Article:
Americans are used to hearing about gun violence. What made Wednesday morning’s event different from other shootings was that it happened on live TV, as two reporters from Roanoke, Va., were broadcasting for the local CBS affiliate WDBJ7.
What was also new was that the shooter apparently filmed the event himself, and appeared to post that video on Facebook and Twitter, which then autoplayed in people’s feeds. These social networks are built for viral content and autoplay helps spur that — they’ve been pushing in this direction for some time now — but autoplay becomes a major problem when viral also happens to be vile.
Unfortunately, this is unlikely to remain a onetime event. Expect other shooters to do the same thing, because these events attract copycats. Also expect that Twitter and Facebook won’t be able to do much about it.
Twitter and Facebook have policies against violent or crude content — but those policies are about taking stuff down once it is already posted to their platform. Twitter, Facebook and other platforms that depend on the protection of the Digital Millennium Copyright Act can’t do much to prevent people from uploading stuff to the platform in the first place. The DMCA only protects them if they can argue that they’re not aware, in advance, of the things their users share with each other.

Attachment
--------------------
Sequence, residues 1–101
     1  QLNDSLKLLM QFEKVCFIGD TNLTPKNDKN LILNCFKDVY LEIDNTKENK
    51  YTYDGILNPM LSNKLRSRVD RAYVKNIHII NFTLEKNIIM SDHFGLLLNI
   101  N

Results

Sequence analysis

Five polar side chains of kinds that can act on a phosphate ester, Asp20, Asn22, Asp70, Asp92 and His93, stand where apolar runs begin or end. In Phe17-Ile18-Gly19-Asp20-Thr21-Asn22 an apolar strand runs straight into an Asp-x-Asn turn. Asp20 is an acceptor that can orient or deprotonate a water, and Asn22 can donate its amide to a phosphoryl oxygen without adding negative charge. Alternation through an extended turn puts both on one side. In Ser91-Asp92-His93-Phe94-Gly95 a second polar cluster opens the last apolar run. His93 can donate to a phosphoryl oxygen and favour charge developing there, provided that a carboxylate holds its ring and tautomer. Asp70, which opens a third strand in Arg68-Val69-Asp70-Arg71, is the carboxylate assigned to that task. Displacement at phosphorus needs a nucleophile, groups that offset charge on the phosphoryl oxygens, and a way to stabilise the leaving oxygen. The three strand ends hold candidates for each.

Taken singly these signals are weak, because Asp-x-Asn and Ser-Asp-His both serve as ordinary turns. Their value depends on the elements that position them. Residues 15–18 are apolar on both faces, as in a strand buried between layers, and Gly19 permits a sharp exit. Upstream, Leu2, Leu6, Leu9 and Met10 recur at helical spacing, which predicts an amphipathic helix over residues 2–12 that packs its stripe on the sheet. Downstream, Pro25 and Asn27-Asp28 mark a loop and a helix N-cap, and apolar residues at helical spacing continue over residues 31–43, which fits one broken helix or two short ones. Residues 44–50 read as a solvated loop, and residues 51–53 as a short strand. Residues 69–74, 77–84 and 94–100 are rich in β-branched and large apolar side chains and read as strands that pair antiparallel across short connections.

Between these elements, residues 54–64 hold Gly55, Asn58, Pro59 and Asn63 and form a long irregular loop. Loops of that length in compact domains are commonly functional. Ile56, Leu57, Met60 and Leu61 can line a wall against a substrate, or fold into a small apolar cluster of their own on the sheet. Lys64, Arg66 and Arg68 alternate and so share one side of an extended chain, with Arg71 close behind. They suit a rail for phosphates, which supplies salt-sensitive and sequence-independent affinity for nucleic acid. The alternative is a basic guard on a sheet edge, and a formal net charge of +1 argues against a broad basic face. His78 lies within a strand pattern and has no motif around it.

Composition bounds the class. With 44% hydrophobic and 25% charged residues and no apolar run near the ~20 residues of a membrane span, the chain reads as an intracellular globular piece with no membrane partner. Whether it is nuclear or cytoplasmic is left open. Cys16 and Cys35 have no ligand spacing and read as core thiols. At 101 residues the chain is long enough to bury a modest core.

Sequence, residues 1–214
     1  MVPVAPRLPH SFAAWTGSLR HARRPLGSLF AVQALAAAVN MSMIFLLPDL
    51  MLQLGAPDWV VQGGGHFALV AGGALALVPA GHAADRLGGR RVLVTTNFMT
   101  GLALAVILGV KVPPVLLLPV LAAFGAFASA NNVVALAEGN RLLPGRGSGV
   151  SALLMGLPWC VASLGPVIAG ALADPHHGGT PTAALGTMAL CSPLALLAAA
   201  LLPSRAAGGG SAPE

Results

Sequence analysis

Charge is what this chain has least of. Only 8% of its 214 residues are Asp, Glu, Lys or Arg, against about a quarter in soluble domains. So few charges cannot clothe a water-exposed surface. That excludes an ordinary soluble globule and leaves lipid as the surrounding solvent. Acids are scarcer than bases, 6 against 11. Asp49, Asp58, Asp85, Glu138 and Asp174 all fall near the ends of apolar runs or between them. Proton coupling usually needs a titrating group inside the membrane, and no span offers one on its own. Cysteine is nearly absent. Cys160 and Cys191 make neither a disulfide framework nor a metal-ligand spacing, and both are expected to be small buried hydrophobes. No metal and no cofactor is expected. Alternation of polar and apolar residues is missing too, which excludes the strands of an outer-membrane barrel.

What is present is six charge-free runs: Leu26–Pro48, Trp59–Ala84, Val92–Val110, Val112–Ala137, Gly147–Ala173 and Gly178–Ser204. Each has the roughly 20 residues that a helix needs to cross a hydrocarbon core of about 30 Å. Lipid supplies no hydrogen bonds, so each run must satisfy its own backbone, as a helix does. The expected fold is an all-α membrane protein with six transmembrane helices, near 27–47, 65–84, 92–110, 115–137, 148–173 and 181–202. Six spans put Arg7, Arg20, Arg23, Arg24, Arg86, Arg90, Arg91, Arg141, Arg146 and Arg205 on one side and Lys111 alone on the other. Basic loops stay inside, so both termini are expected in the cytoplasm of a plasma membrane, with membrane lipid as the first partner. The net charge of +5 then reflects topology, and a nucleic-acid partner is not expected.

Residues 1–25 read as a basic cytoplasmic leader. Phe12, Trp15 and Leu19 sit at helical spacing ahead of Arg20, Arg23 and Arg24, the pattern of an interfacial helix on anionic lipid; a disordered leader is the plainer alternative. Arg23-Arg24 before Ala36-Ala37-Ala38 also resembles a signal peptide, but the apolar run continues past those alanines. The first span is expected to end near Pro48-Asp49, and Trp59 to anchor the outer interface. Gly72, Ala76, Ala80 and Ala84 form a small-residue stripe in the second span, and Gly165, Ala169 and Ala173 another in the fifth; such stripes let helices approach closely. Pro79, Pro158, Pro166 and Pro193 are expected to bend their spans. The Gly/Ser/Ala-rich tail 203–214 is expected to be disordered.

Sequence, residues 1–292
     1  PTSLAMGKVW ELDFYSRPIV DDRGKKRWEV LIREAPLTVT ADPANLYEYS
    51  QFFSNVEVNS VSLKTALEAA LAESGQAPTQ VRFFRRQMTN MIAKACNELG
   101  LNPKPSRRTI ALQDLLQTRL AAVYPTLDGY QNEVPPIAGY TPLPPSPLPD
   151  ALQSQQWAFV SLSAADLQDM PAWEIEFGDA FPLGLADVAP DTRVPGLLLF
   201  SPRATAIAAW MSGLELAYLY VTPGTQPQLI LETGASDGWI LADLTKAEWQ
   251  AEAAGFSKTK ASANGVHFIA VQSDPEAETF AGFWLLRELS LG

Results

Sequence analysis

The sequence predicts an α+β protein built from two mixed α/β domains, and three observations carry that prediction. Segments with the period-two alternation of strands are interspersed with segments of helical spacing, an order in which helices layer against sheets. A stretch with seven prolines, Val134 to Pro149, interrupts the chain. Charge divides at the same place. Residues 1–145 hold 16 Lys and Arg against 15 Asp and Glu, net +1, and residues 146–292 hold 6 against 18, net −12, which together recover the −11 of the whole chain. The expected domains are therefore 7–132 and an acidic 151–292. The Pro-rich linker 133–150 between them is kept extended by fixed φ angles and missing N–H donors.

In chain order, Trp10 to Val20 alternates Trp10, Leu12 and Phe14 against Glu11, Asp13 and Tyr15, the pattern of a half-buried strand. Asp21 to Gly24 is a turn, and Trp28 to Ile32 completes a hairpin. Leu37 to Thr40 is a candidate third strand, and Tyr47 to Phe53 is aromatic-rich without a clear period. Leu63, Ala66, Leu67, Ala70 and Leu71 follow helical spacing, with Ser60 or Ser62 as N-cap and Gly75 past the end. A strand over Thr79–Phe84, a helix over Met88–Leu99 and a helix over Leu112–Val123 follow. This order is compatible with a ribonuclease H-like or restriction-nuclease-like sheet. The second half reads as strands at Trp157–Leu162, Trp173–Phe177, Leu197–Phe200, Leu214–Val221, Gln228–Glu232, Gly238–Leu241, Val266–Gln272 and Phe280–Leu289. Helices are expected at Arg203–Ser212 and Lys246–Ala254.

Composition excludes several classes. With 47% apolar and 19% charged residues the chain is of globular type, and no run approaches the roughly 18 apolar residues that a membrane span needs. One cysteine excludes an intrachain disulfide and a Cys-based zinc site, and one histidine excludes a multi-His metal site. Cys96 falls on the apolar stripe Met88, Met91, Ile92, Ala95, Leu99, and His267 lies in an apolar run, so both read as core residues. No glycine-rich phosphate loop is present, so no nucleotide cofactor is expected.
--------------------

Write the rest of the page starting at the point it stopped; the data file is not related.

So in the best-case scenario, Facebook and Twitter are playing a reaction game. They can build software to identify and remove content once they know there’s a problem. But they can’t use that technology until the cat’s out of the bag.
This is the trade-off you make when you rely on user-generated content, which both Facebook and Twitter do almost exclusively. You reap the benefits that come with the best of humanity, but you also wear the scars that come with the worst.
It’s possible, but unlikely, that Facebook and Twitter will rethink some of their tools that make it easier than ever to share content, tools like autoplay video.
Neither company responded to a request for comment.
This article originally appeared on Recode.net.